When it's icy/slushy/snowy, there's no way I'd attempt to drive to work or
    appointments - because everyone else in Edinburgh tries to do exactly that,
    and the entire road network becomes jammed. So for me it's knobbly tyres on
    the mtb and "so long, suckers!" Of course, falling off would be negated if
    I rode the trike, but when the roads are jammed and the snow is a foot-deep
    drift along the middle of the road, it's almost impossible. Of course, my
    car has a Torsen diff tucked away in its gearbox, but I've yet to try its
    effectiveness in snow.

    For me, winter gear isn't all that different from my autumn gear. The
    mainstays would be my now approximately waterproof Goretex jacket over a
    couple of Odlo or Helly Hansen tops, Duofold fleece gloves (or lobster claw
    gloves if it's really really cold), Endura tights over Endura heavyweight
    lycra shorts, and usually I'll just wear my Sonoma SPD shoes rather than
    Goretex hiking boots and flat pedals. If it's pouring with rain, I might
    also put my feet into plastic bags, then put my shoes on. Lenses might be
    either clear or blue iridium, depending on the light.

    On the bike it's full mudguards plus my usual winter combination of
    something like a Panaracer Dart front tyre and some medium chunky
    Specialized tyre on the back. I use my 5W Nightstick system up front for
    penetrating the interminable darkness, and just the usual 5-LED light on the
    back, plus bits of reflective tape around the place.

    Becky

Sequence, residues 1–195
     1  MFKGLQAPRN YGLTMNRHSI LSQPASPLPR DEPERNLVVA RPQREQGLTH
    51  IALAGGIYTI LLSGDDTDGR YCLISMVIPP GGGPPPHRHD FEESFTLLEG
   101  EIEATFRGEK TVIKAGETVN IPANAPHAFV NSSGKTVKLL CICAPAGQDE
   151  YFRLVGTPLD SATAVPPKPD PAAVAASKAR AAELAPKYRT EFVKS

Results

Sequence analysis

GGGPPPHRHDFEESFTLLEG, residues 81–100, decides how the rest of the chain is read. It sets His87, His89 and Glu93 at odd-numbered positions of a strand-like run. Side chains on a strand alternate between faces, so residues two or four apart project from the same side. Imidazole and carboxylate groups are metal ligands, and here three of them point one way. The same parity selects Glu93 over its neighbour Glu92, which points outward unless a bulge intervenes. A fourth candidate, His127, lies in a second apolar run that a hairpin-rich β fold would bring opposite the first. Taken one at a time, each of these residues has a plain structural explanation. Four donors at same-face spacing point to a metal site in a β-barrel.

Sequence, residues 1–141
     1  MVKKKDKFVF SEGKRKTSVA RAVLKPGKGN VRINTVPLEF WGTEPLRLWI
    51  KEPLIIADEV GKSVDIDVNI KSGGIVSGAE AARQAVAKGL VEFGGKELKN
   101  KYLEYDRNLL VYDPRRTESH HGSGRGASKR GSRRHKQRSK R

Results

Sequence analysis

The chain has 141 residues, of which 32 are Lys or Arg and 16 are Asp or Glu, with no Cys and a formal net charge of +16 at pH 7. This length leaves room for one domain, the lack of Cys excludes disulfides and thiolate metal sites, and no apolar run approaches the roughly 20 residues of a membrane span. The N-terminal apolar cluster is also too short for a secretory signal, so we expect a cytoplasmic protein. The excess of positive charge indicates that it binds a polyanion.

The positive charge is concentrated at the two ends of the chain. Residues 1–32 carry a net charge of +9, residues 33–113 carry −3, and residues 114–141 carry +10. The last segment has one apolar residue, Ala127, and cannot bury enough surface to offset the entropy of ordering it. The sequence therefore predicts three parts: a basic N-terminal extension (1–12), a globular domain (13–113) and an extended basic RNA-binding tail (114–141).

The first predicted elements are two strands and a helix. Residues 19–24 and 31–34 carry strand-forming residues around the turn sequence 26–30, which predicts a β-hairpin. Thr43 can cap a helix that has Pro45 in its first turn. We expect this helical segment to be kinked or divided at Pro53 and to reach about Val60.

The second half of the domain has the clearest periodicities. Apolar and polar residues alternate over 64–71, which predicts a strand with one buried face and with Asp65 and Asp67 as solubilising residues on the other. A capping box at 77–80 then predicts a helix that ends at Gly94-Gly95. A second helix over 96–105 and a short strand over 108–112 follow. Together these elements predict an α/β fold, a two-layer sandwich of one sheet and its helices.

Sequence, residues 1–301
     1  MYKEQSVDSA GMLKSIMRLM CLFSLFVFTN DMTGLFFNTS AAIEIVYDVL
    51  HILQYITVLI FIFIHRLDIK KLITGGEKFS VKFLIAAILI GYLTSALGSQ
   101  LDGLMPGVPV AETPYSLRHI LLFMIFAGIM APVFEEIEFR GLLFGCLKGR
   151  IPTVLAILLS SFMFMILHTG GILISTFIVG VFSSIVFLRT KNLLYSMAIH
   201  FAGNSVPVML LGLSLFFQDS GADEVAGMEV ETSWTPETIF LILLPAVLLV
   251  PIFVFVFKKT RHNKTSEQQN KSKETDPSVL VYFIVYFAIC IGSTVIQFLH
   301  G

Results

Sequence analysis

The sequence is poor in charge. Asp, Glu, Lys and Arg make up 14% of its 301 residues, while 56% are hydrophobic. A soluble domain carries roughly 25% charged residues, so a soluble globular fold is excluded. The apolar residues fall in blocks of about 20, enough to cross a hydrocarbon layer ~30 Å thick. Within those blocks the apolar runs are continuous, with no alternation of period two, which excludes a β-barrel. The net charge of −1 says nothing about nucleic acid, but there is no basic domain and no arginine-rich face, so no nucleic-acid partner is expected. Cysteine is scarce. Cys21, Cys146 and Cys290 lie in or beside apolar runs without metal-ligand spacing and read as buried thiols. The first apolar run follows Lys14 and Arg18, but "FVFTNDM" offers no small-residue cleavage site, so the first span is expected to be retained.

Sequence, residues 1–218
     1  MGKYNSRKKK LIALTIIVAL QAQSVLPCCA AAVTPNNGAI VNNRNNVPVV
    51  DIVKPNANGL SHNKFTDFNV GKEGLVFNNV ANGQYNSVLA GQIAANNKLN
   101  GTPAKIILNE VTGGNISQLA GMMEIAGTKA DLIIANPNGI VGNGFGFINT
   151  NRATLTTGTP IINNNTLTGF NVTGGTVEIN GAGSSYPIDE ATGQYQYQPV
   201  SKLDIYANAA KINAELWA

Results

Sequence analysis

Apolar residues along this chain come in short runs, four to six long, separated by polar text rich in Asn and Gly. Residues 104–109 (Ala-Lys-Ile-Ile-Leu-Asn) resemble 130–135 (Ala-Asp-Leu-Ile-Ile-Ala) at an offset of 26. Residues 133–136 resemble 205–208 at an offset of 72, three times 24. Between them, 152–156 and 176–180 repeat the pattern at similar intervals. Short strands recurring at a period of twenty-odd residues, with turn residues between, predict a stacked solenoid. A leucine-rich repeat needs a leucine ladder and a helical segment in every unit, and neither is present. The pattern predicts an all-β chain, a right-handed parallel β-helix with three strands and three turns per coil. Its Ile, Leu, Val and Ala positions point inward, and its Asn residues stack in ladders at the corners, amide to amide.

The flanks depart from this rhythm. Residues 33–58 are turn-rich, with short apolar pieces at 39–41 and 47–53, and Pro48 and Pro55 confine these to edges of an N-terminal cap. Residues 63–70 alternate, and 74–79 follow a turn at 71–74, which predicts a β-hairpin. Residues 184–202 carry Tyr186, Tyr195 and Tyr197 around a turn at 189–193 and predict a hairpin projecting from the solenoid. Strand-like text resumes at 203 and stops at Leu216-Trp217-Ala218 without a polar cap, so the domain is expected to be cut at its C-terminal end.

10. Judith

    Judith Guest

    On Wed, 20 Jul 2005 17:16:25 +0100, Simon Brooke
    <[email protected]> wrote:

    >> Ickle scarf type thing to stop the wind going down the front of my
    >> neck.

    >
    >It is impossible to sufficiently praise buffs.


    I wore mine this morning, under my h*lm*t, to keep the wind out of my
    ears. Excellent bit of kit.

    Judith
     
  11. wafflycat

    wafflycat Guest

    "Judith" <[email protected]> wrote in message
    news:[email protected]
    > On Wed, 20 Jul 2005 17:16:25 +0100, Simon Brooke
    > <[email protected]> wrote:
    >
    >>> Ickle scarf type thing to stop the wind going down the front of my
    >>> neck.

    >>
    >>It is impossible to sufficiently praise buffs.

    >
    > I wore mine this morning, under my h*lm*t, to keep the wind out of my
    > ears. Excellent bit of kit.
    >
    > Judith


    In colder weather I wear mine round neck but pulled up over my mouth, and
    ears - keeps my ears warm and stops me breathing in too-cold air and then it
    stops any cold air whistling in down any gaps between cycle jersey/jacket &
    skin of neck.

    Cheers, helen s
     
Loading...
Loading...